Boot-up times for different memories on RT1050

Document created by Manuel Pacheco Employee on Aug 16, 2018
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A small project I worked on was to understand how RT1050 boot-up performs from different memory types. I used the LED_blinky code from the SDK as a baseline, and ran some tests on the EVKB board. The data I gathered is described below, as well as more detailed testing procedures.

Testing Procedure

The boot-up time will be defined as the time from which the processor first receives power, to when it executes the first line of code from the main() function.

 

Time was measured using an oscilloscope (Tektronix TDS 2014) between the rising edge of the POR_B* signal to the following two points:

  1. FlexSPI_CS asserted (first read of the FlexSPI by the ROM)**
  2. GPIO Toggle in application code (signals beginning of code execution).***

*The POR_B signal was available to scope through header J26-1

**The FlexSPI_CS signal is available through a small pull-up resistor on the board, R356. A small wire was soldered alongside this resistor, and was probed on the oscilloscope.

***The GPIO pin that was used was the same one that connected to USER_LED (Active low). This pin could be scoped through header J22-5.

TP 2, 3, 4, and 5 are used to ground the probe of the oscilloscope. This was all done in the EVKB evaluation board.

 

Here are a couple of noteworthy points about the test ran:

  1. This report mostly emphasizes the time between the rise of the POR_B signal, and the first line of execution of code. However, there is a time between when power is first provided to the board and the POR_B system goes up. This is a matter of power electronics and can vary depending on the user application and design. Because of this, this report will not place a huge emphasis on this.
  2. The first actual lines of code of the application is actually configuring several pins of the processor. Only after these pins are executed, does the GPIO toggle low and the time is taken on the oscilloscope. However, these lines of configuration code are executed so rapidly, that the time is ignored for the test.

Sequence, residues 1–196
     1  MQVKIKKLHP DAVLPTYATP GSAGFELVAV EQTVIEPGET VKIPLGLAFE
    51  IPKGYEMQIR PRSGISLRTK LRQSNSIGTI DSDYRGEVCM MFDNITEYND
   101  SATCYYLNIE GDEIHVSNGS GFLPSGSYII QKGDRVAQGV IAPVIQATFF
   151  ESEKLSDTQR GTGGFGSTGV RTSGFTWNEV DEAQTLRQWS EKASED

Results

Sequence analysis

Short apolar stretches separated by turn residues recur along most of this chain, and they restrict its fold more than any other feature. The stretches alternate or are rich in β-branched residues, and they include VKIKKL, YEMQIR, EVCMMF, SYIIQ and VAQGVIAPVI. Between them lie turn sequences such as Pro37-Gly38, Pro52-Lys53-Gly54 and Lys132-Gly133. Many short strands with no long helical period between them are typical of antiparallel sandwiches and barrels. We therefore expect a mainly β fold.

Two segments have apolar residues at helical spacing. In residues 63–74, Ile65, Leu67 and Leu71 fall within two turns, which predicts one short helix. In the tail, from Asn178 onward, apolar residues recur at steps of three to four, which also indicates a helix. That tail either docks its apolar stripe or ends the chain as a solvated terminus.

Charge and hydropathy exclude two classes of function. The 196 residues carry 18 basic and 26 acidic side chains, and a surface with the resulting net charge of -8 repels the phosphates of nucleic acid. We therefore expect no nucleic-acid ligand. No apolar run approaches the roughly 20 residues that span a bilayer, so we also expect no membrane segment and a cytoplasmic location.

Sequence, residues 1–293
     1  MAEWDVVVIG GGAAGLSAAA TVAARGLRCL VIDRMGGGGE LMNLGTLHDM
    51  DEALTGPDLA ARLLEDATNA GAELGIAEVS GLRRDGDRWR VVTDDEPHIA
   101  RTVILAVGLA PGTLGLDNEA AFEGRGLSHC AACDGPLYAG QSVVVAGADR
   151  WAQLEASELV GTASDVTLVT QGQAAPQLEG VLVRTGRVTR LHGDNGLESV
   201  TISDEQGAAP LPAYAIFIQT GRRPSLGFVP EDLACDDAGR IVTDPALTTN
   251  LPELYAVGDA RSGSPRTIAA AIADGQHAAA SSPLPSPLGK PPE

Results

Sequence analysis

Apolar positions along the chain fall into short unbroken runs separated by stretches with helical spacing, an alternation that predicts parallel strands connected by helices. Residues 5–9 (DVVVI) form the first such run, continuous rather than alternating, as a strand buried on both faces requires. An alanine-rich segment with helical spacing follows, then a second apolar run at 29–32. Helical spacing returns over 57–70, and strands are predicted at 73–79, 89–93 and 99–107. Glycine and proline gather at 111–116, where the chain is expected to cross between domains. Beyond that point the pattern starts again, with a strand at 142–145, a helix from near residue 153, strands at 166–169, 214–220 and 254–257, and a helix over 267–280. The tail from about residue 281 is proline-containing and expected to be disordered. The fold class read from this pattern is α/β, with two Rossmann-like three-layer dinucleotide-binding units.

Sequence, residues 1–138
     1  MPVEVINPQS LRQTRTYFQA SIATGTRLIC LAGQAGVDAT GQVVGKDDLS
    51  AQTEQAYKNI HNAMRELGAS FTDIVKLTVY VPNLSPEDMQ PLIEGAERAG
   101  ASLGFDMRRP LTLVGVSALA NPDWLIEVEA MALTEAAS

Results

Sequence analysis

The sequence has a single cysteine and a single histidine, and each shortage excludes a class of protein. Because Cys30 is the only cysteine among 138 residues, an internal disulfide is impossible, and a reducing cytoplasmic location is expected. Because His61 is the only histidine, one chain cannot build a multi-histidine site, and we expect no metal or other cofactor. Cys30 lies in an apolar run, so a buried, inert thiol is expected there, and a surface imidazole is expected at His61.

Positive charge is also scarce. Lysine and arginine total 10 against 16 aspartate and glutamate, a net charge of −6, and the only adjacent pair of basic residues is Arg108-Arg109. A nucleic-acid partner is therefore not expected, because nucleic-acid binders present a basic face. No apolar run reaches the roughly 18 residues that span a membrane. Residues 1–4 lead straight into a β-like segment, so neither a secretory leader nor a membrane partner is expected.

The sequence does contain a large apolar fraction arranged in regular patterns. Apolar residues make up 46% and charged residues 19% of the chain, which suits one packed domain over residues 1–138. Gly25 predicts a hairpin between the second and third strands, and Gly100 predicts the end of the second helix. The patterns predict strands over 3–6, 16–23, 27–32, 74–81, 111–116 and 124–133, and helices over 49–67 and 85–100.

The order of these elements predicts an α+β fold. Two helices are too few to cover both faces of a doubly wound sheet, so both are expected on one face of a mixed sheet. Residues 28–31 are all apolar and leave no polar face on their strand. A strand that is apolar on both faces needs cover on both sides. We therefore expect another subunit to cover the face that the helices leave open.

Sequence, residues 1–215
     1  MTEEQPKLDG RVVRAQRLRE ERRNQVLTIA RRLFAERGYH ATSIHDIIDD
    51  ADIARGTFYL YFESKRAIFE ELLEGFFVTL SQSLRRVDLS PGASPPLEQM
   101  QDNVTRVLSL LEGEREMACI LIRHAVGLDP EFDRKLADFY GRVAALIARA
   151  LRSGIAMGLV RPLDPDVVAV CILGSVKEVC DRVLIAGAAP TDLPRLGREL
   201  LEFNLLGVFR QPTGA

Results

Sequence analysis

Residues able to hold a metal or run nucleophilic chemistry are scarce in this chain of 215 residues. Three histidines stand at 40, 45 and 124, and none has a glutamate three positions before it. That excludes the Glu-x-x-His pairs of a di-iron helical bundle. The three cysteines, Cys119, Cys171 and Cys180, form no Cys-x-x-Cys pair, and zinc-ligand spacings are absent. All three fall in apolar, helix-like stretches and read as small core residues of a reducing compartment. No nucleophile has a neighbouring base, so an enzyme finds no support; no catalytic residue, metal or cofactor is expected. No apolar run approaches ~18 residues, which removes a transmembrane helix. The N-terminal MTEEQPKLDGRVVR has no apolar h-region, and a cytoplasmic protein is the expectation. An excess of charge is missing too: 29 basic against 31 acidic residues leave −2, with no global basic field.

Clock Configurations

The bootable image was flashed to the RT1050 in all three cases. Afterwards, in MCUXpresso, the debugger was configured with “Attach Only” set to true. A debug session was then launched, and after the processor finished executing code, it was paused and the register values were read according to the RT1050 Reference Manual, chapter 18, CCM Block Diagram. 

Boot Configuration:

Core Clock (MHz) *

FlexSPI Clock (MHz)

SEMC Clock (MHz)

FlexSPI

 

130

99

SDRAM

396

130

99

SRAM

396

130

99

*The Core Clock speed was also verified by configuring clko1 as an output with the clock speed divided by 8. This frequency was measured using an oscilloscope and verified to be 396 MHz.

Results

The time to chip select pin represents the moment when the first flash read happens from the RT1050 processor. The time to GPIO output represents the boot-up time.  

As expected, XiP Hyperflash boots faster than other memories. SRAM and SDRAM memories must copy to executable memory before executing which will take more time and therefore boot slower.

In the sections below, a more thorough explanation is provided of how these tests were ran and why Hyperflash XiP is expected to be the fastest.

Hyperflash XiP Boot Up

Below is an outline of the steps of what we expect the Hyperflash XiP boot-up process to look like:

  1. Power On Reset (J26-1)
  2. Begin access to Flash memory (FlexSPI_SS0)
  3. Execute in place in flash (XiP)
  4. First line of code is exectuted (USER_LED)

In MCUXpresso, the map file showed the following:

The oscilloscope image is below:

 

SDRAM Boot Up

The processor will bootup from ROM, which will be told to copy an application image from the serial NOR flash memory to SDRAM (serial NOR flash uses Hyperflash communication). The RT flashloader tool will let me load up the application to the flash to be configured to copy over memory to the SDRAM and execute to it.

 

It is expected that copying to SDRAM will be slower than executing in place from Hyperflash since an entire copying action must take place.

 

The SDRAM boot-up process looks like the following:

  1. Power On Reset (J26-1)
  2. Begin access to Flash memory (FlexSPI_SS0)
  3. Copy code to SDRAM
  4. Execute in place in SDRAM (FlexSPI_SS0)
  5. First line of code is executed (USER_LED)

 

In MCUXpresso, the map file showed the following:

 

In order to run this test, I followed these instructions: https://community.nxp.com/docs/DOC-340655.

SRAM Boot Up

For SRAM, a similar process to that of SDRAM is expected. The processor will first boot from internal ROM, and then go to Hyperflash. It will then copy over everything from Hyperflash to internal SRAM DTC memory and then execute from there. 

The SRAM Boot Up Process follows as such:

  1. Power On Reset (J26-1)
  2. Begin access to Flash memory (FlexSPI_SS0)
  3. Copy code to SRAM
  4. Execute in place in SRAM (FlexSPI_SS0)
  5. First line of code is executed (USER_LED)

 

In MCUXpresso, the map file showed the following:

 

 

 

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